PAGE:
DEAR ABBY: I recently contracted coronavirus and had a difficult time recovering. It has been three months, and I am still suffering from long-term aftereffects.
When my co-workers and supervisors ask how I’m feeling and I tell them, they almost immediately downplay my response. Some of them ignore my response and tell me, “Oh, that’s not bad. One time, I lost so much hair, blah, blah,” or they say, “Well, you’re working. You’ll be fine.” I feel like it belittles me and makes what I went through seem like a bid for sympathy. How would you recommend I reply? I can’t ignore the people at work. — DOWNPLAYED UP NORTH
DEAR DOWNPLAYED: All you need to say is, “If it happens to you, you will understand that I feel lucky to be alive. So many people weren’t.” (c) DEAR ABBY
Huh. Aren’t they probably asking to be polite? Sometimes when people ask how you’re doing, particularly in a professional rather than sociable setting, they want a simple version of the truth, like, “I’m exhausted, but I’m starting to get back to my old self, thanks.” Also, the workplace isn’t the sort of place I’d expect to find sympathy. Personally, I’m lucky if I can engage in minimal workplace interactions, much less long discussions of illnesses. (I’m completely dysfunctional at work.)
Some of them ignore my response and tell me, “Oh, that’s not bad. One time, I lost so much hair, blah, blah.”
See? We’re being too graphic here on both ends of the conversation, but the letter writer’s the one who’s starting it. The others are asking how she’s doing to show concern, not to hear a long, detailed answer.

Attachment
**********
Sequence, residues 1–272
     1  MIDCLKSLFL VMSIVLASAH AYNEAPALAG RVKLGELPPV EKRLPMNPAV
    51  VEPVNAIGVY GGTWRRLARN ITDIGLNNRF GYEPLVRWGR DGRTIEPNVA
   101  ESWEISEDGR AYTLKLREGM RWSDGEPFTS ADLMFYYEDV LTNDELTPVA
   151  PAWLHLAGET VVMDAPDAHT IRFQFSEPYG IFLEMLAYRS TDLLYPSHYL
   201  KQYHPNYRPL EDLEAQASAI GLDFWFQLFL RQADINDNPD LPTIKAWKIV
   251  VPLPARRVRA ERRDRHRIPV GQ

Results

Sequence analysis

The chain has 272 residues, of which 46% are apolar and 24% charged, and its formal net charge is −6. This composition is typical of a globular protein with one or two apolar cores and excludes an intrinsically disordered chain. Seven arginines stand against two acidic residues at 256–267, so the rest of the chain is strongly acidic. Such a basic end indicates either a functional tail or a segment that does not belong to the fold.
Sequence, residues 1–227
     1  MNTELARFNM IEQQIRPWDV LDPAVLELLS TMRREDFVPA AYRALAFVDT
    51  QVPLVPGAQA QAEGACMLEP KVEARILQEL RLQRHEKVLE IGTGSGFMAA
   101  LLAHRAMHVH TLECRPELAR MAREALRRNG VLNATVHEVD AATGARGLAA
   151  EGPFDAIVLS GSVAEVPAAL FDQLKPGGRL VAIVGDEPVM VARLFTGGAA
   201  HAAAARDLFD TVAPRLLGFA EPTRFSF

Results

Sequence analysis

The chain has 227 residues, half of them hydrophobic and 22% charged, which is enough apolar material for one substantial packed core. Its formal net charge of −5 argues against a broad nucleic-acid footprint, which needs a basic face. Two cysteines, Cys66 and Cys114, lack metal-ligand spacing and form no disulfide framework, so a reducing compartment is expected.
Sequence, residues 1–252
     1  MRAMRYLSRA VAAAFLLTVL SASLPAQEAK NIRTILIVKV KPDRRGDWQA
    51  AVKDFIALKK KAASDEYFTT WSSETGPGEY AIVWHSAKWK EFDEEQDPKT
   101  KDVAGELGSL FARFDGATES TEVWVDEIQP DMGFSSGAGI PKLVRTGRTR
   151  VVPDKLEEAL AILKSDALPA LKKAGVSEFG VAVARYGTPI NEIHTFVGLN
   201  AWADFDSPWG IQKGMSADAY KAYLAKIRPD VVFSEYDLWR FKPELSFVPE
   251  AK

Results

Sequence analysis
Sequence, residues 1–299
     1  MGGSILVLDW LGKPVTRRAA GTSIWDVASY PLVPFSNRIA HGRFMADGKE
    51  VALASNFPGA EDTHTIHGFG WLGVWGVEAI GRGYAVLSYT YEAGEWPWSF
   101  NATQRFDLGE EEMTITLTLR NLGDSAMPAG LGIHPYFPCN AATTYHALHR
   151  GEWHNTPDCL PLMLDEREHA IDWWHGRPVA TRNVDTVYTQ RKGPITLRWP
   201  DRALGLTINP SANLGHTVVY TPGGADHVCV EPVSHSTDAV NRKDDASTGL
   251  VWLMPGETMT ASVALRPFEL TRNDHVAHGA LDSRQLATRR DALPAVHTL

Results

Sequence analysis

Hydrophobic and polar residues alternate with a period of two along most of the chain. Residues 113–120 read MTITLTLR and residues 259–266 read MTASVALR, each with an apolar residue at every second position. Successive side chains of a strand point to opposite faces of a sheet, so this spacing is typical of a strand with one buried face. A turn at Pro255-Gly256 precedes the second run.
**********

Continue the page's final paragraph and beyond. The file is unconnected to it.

Or they say, “Well, you’re working. You’ll be fine.”
The way I have it pictured, the letter writer’s going on… and on… and on… about her ordeal and is using very descriptive, flowery turns of phrase and not letting anyone get a word in. If/when a coworker says, “Sorry to hear it. I hope you feel better soon,” which would be a nice thing to say, then the letter writer leaps back in with her on-and-on-and-on narration, only stopping when her coworker says, “Well, you’re working. You’ll be fine,” not to be rude, but to hurry along the conversation toward a natural (or construed, as the case may be) conclusion.
I feel like it belittles me and makes what I went through seem like a bid for sympathy.
I don’t find that relevant, because in the workplace, people have limited time to discuss this sort of thing. They’re on the clock.
How would you recommend I reply?
Short, sweet, simple, direct. “It’s hard, but I’m getting back into the swing of things. Glad to still be kicking. Hey, have you seen the Grayson report?”
I can’t ignore the people at work.
Well… the letter writer could go all Anne Shirley on her coworkers…
Coworker: How’ve you been doing lately, Anne? Are you feeling okay?
Anne Shirley: HOW DARE YOU! [She grabs a notepad and hits her coworker over the head with it.]
It’s good for entertainment if nothing else.